Cross posted from Heliophage
Interest in biochar has been building up in the UK recently. There was a cover story by Fiona Harvey in the FT a month ago with a familiar headline, Jim Lovelock and James Hansen have been extolling its virtues, it’s been on the Today Programme (text here on BBC News), there are new technologies being talked up and there’s an interesting looking workshop at the newly established UK Biochar Research Centre in Edinburgh on April 1st. And so of course there is also a backlash: last Monday George Monbiot, whose written on such subjects before, delivered a stirring oppositional salvo in the Guardian (and here’s the link to the version on his own site, same text but with references — a good habit more newspaper columnists should take up):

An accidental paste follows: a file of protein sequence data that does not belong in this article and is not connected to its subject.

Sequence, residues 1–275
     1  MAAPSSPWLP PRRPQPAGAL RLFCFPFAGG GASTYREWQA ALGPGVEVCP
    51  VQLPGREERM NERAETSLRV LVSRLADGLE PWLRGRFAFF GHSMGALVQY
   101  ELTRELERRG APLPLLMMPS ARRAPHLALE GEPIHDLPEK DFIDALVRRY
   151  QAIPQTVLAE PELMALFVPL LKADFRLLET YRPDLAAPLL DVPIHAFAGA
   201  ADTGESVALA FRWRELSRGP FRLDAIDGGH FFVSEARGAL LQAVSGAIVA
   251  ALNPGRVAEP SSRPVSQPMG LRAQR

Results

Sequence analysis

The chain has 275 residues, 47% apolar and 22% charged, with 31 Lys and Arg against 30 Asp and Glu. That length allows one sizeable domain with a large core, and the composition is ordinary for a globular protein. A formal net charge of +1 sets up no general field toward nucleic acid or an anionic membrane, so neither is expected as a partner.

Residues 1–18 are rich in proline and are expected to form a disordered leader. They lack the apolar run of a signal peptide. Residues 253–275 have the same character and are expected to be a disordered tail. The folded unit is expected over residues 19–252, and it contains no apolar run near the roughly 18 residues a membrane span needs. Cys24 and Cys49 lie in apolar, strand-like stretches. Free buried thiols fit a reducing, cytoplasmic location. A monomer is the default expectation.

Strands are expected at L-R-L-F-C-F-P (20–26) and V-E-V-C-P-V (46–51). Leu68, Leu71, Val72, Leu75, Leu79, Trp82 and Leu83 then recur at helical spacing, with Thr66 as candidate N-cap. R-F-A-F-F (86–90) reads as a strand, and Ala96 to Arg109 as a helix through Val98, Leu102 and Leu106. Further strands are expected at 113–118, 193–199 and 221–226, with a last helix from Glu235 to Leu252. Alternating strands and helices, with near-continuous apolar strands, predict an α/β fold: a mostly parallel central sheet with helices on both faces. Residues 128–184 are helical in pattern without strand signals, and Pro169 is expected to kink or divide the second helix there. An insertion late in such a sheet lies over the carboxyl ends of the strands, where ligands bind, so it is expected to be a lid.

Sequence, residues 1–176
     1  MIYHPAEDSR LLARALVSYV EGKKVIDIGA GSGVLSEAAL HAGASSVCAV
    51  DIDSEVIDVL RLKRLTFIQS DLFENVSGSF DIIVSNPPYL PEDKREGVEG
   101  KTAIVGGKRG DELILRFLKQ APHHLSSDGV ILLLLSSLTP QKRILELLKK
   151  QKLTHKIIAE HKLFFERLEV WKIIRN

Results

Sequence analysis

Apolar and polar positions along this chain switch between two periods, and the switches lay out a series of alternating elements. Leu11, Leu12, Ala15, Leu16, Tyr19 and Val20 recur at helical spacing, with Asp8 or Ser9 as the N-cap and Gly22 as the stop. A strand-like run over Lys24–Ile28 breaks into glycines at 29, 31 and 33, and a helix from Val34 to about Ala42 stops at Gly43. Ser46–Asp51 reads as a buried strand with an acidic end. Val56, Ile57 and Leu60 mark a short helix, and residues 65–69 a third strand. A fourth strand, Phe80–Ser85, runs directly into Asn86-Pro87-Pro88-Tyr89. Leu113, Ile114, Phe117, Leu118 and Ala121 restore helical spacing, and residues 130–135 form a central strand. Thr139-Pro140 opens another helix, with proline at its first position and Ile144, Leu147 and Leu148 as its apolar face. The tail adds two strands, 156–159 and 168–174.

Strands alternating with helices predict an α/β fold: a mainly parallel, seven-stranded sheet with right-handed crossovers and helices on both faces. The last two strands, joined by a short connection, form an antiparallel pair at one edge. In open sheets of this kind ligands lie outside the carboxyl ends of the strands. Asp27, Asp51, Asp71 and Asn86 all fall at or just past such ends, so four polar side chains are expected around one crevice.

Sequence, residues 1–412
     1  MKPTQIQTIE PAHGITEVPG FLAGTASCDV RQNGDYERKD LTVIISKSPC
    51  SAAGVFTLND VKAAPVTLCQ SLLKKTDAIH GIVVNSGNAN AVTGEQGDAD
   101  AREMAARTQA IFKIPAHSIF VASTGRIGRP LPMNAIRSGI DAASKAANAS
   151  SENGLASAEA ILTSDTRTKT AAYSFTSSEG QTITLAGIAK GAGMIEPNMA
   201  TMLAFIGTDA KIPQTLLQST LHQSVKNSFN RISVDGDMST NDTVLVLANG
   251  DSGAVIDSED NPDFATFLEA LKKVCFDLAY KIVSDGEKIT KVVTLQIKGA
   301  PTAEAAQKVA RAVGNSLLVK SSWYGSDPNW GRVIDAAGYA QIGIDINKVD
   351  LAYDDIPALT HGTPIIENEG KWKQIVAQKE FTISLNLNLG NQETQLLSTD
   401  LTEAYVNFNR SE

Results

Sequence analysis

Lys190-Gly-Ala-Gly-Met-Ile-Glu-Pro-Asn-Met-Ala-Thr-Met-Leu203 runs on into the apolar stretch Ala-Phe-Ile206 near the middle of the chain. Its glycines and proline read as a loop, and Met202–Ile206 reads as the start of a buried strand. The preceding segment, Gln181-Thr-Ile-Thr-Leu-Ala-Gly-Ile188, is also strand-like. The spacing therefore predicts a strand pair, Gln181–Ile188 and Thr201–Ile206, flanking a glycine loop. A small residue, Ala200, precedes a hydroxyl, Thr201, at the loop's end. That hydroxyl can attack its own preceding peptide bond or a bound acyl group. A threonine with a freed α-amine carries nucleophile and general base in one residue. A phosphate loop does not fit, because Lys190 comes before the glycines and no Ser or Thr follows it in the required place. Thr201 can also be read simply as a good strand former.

This miracle solution has suckered people who ought to know better, including the earth systems scientist James Lovelock(3), the eminent climate scientist Jim Hansen(4), the author Chris Goodall and the climate campaigner Tim Flannery(5). At the UN climate negotiations beginning in Bonn on Sunday, several national governments will demand that biochar is eligible for carbon credits, providing the financial stimulus required to turn this into a global industry(6). Their proposal boils down to this: we must destroy the biosphere in order to save it.
In his otherwise excellent book, Ten Technologies to Save the Planet, Chris Goodall abandons his usual scepticism and proposes that we turn 200 million hectares of “forests, savannah and croplands” into biochar plantations. Thus we would increase carbon uptake, by grubbing up “wooded areas containing slow-growing trees” (that is, natural forest) and planting “faster-growing species”(7). This is environmentalism?
Read the rest of the post — more Monbiot and responses to his criticism — at Heliophage —>